US : “Well we want to give you a compliment too .. you guys are amazing”
We tell his teacher and his resource room teacher that we were so worried that R would get picked on .
And instead these kids are so accepting and just plain nice !
And they assure us that it never happens here – even in the more grown up classes
“Sometimes as they grow up, in fact they get too protective and wont let the teacher correct the child”
I assure them fervently that if THAT is the problem we have to worry about , we will be very grateful to them and the kids and the parents of the kids who are raising them !
Of course, things are far from perfect for R socially
For R, friendship with peers ( for he has many great relationships with grown ups and is intensely doted upon and adored by many ) is his biggest challenge.
He has no friends his age.And has neither the know-why, nor the know-how of friendship
( And I am always reminded of this uncomfortably when I read R’s favorite bed time story these days – “Lizzy’s Friends”- story of a child with no friends - alone everywhere.
Lizzy makes friends with the paper toys she makes through Origami and imagines they are alive.
Each night as I read R the story of Lizzy , I tell R that the giant pile of books by his nightstand are his friends like Lizzy’s paper toys are hers. It gives me a great pang.
As my friends -you guys online and inlife – mean so much to me )
While I am very aware of all of these challenges
To know, that when he goes to school, he goes into an atmosphere of casual acceptance , means so much.
Thank you first graders
Thank you teachers for teaching acceptance in your classrooms
Thank you parents who are raising these great kids.
This post has been written by Floortime Lite Mama - mother to charming R - 6 year old with Autism and Apraxia who blogs here
I wish there were more popsicle circles in this world.ReplyDelete
Sure, kids are great at this age. It's when they hit 3rd grade and beyond that inclusion is a nightmare. The typical kids are not so cute and understanding anymore. I see inclusion fail most of the time unless a child is extremely high functioning. I hate to see parents fooled into inclusion but most are and then they learn in middle school that the differences are just too much.ReplyDelete
Floortime Lite Mama- what a phenomenal idea to go talk with the class (the popsicles were a nice touch). I think more special needs kids could benefit from their parents or nurses doing this.ReplyDelete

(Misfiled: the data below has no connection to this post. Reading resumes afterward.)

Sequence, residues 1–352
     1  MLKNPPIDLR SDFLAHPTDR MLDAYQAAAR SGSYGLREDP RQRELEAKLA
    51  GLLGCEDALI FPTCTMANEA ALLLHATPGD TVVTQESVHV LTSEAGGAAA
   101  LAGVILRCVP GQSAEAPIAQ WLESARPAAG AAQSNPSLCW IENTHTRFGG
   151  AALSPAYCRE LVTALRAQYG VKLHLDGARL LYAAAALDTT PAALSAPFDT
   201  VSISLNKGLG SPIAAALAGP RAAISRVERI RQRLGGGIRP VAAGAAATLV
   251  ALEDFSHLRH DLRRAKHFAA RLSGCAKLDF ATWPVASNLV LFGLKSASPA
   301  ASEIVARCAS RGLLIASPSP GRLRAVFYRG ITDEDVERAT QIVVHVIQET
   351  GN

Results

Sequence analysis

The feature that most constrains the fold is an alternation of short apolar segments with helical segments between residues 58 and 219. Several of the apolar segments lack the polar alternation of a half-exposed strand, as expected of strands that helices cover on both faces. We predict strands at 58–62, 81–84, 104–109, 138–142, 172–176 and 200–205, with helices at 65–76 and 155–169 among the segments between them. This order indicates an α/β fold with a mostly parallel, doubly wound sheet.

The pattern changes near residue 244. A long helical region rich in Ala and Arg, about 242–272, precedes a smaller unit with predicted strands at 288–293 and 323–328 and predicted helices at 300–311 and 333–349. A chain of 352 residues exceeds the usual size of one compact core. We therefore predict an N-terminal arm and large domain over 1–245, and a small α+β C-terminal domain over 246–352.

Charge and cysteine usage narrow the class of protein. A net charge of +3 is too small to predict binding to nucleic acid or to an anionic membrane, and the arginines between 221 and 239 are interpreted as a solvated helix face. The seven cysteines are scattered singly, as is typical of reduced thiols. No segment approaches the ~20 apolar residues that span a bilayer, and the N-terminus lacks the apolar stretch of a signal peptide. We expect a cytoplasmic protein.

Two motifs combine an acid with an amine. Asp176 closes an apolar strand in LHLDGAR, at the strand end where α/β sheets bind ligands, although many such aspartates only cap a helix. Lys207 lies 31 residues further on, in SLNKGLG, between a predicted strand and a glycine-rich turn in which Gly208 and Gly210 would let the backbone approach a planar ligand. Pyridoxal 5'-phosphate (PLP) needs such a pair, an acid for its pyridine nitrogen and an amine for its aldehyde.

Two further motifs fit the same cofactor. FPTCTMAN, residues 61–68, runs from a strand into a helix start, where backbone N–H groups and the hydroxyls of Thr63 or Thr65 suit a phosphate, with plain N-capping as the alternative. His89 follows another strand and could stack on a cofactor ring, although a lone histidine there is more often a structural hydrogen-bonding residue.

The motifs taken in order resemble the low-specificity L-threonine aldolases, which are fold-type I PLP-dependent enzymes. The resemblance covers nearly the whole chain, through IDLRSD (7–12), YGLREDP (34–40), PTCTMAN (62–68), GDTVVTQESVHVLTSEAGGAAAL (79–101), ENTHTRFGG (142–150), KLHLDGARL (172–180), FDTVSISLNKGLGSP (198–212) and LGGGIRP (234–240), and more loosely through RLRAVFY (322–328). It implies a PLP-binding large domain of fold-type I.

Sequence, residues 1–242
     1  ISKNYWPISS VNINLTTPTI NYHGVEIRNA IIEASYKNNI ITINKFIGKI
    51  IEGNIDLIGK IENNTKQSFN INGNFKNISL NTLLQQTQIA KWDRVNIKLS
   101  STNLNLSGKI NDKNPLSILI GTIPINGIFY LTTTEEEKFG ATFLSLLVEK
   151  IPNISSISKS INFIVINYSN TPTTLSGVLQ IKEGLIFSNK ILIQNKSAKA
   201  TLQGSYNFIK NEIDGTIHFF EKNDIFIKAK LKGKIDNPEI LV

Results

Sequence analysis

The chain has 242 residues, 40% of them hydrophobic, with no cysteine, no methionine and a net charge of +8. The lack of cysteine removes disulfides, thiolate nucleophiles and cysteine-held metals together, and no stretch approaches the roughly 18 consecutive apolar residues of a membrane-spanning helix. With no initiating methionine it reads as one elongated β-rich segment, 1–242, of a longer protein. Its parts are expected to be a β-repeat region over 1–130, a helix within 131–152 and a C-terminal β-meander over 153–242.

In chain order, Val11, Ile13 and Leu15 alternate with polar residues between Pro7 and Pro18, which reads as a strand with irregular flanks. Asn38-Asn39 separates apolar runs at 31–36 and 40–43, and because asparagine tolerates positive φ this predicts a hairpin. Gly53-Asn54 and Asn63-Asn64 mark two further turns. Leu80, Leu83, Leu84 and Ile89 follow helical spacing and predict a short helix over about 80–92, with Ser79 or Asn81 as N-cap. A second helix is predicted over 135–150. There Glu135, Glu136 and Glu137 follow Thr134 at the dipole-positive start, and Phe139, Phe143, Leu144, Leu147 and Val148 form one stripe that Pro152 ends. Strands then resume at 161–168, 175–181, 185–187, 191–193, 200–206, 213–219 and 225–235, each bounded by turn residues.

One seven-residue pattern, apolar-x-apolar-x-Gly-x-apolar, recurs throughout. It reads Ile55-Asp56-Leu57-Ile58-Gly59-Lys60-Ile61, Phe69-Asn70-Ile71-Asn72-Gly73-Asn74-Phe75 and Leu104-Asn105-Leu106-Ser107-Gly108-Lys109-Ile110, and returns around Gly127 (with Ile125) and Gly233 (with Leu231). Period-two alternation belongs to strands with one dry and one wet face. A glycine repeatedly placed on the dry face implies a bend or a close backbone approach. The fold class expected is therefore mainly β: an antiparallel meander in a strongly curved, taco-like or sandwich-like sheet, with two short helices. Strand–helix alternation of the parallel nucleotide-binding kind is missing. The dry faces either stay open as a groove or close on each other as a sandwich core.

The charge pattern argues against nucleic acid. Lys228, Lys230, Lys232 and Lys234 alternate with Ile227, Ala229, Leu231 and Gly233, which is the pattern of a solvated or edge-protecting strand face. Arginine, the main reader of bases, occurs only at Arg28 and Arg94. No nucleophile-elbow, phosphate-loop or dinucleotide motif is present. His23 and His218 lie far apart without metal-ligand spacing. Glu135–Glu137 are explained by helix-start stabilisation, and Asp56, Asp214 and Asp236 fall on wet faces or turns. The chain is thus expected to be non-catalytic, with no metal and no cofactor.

One of our homecare nurses went out to a patients school to talk about her "accessories" (ie infusion pump and bag that she has with her on a daily basis at school) to let the kids know she is not any different from them, and that they can play with her just like any other kid in the class. It was a wonderful experience for our nurse and for the patient.
How wonderful to read that it was likely more helpful for you than R. Sometimes kids can be harsh, I'm glad to hear that R's classmates saw him as just another kid. Thanks for sharing.
Thank you for sharing this wonderful educational experience here. It is a lovely idea, for it's clear that the education goes both ways - the children are gaining understanding of your son, and you are gaining understanding and perspective about what is going on in his classroom life. It sounds as if he has an exellent teacher, as well as dear classmates. So many blessings!ReplyDelete
I agree with Karen, so many blessings. And while Tom may be correct that the older children become, the more difficult they make it for one another to be open and accepting, starting the conversation at this age can have a huge impact. My son is also 6, in the first grade, and autistic and severely apraxic. In addition, he is deaf (with cochlear implants) and uses an interpreter in the classroom. When he was much younger, I felt badly that his deafness would make him stand out to his peers; this was before the autism and apraxia diagnosis. Now we've seen that having an interpreter and using ASL to communicate can form a social bridge for him because so many children find it neat and fascinating. They are each given sign names and are learning how to sign things to him. I still worry though, and that it seems is my job as his mother, regardless of his abilities. Anyway, job well done. Thanks for the inspiration today!ReplyDelete
What a heart warming post! So glad you child is in such an accepting environment. May he have a beautiful year.ReplyDelete
Thank you so much for the lovely commentsReplyDelete
Tom and Well said - you raised great points and I really appreciate them
I was not necessarily saying inclusion is right for all kids with special needs
Besides, there are also all sorts of inclusive situations - some good and not so good
At this time , in this situation - I think its the best option for R
At another time, in another situation it may not be
If there is one thing I have learned in special needs world - it is that there are shades and shades of gray and very few black and white
You actually explained this terrifically!ReplyDelete